Background: The informant is a woman in her late fifties who grew up in downstate New York in Queens and on Long Island before moving to upstate New York for college. In her mid 20s, she moved out to Southern California and she had lived there ever since. She comes from a large family of Catholic Irish-Americans. She attended public grade schools.
“There was one that I loved! And it was…think of a conga line but it wasn’t really a conga line. It would be kids in this long line and they would do these intricate back-and-forth kinds of movements, yknow we would all move together. And it was [singing] “R-A-T-T-L-E-S-N-A-K-E spells rattlesnake” and we just did that over and over again while we did this little…I loved that game! I don’t know why, but it was just…but we did all these intricate, back-and-forth pattersn and it was all these kids in a line.”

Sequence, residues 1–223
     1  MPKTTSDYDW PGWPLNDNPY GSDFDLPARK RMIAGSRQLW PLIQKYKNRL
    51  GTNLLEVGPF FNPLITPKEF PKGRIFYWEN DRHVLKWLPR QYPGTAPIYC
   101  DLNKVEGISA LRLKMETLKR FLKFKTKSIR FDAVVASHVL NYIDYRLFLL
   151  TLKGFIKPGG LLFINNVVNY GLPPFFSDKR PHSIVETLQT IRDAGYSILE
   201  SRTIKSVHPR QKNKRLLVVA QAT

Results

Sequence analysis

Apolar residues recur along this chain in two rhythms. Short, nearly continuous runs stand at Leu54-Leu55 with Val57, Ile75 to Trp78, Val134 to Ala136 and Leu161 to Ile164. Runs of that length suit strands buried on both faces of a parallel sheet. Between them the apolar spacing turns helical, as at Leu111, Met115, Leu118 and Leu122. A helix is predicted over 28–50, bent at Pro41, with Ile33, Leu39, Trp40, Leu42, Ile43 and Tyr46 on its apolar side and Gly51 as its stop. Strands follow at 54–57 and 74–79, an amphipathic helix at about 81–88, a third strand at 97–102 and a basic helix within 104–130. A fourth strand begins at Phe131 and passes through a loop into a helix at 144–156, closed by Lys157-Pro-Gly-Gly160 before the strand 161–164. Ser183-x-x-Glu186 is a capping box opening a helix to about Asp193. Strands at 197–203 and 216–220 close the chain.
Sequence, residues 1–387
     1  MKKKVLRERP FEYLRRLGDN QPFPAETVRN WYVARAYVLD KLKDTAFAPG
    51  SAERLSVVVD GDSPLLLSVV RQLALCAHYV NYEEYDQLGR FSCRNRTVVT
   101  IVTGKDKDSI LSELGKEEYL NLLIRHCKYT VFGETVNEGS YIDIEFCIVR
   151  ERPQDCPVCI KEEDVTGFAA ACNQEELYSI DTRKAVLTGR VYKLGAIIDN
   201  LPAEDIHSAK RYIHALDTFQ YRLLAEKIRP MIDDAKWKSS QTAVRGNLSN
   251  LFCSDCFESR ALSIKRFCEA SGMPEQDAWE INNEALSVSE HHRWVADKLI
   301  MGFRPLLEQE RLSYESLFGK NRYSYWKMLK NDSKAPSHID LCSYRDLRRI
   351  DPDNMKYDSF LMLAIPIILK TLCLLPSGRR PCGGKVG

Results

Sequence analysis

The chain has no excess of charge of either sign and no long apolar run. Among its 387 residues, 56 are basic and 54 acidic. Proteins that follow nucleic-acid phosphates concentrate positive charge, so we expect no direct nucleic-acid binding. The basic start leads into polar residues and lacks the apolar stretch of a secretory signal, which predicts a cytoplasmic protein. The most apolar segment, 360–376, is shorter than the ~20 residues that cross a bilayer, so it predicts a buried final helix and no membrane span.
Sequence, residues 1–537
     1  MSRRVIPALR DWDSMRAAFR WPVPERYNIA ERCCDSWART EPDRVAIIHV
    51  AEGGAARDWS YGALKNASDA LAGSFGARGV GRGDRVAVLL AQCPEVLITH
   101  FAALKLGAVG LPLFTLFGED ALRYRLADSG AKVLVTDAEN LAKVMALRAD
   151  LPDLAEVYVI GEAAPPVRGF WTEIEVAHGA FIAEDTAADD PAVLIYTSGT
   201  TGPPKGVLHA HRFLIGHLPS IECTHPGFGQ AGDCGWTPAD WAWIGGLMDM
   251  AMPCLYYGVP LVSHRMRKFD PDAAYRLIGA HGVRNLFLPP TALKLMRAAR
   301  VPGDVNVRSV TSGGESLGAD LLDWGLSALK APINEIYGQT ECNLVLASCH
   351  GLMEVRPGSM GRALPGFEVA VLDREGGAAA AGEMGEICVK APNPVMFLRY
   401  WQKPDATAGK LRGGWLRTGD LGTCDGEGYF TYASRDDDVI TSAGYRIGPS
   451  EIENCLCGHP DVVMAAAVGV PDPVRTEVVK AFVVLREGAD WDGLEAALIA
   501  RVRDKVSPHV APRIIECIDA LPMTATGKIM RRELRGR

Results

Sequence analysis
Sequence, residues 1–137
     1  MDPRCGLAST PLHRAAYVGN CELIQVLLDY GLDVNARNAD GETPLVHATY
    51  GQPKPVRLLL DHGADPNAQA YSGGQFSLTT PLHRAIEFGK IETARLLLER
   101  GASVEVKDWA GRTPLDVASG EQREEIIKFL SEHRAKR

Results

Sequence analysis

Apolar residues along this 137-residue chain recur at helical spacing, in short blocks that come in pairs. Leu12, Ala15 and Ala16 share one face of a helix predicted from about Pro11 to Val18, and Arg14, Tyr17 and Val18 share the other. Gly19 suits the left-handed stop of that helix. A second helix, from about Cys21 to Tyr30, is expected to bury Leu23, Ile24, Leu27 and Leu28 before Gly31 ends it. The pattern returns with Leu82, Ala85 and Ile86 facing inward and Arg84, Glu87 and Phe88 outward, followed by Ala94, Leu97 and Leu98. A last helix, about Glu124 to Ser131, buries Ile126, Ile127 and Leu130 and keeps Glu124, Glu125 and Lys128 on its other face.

Context: The informant specified that this game was performed on the playground during recess and at lunch, mostly during the earlier half of elemenatary school. It was not organized by teachers, and it involved large groups of children—around a class size or more, so twenty kids and up.
Thoughts: I’d never heard of this game before, but I’m familiar enough with a conga line to get the gist of what the informant was playing. It was probably a combination of the movement and accompanying song that made the game so compelling to TR as a young child. I do think it’s funny how they referred to it as a nearly hypnotic-experience, and I’m impressed that such a large group of young children organized themselves well enough to execute this game on a daily basis, not to mention their ability to transcend friend groups.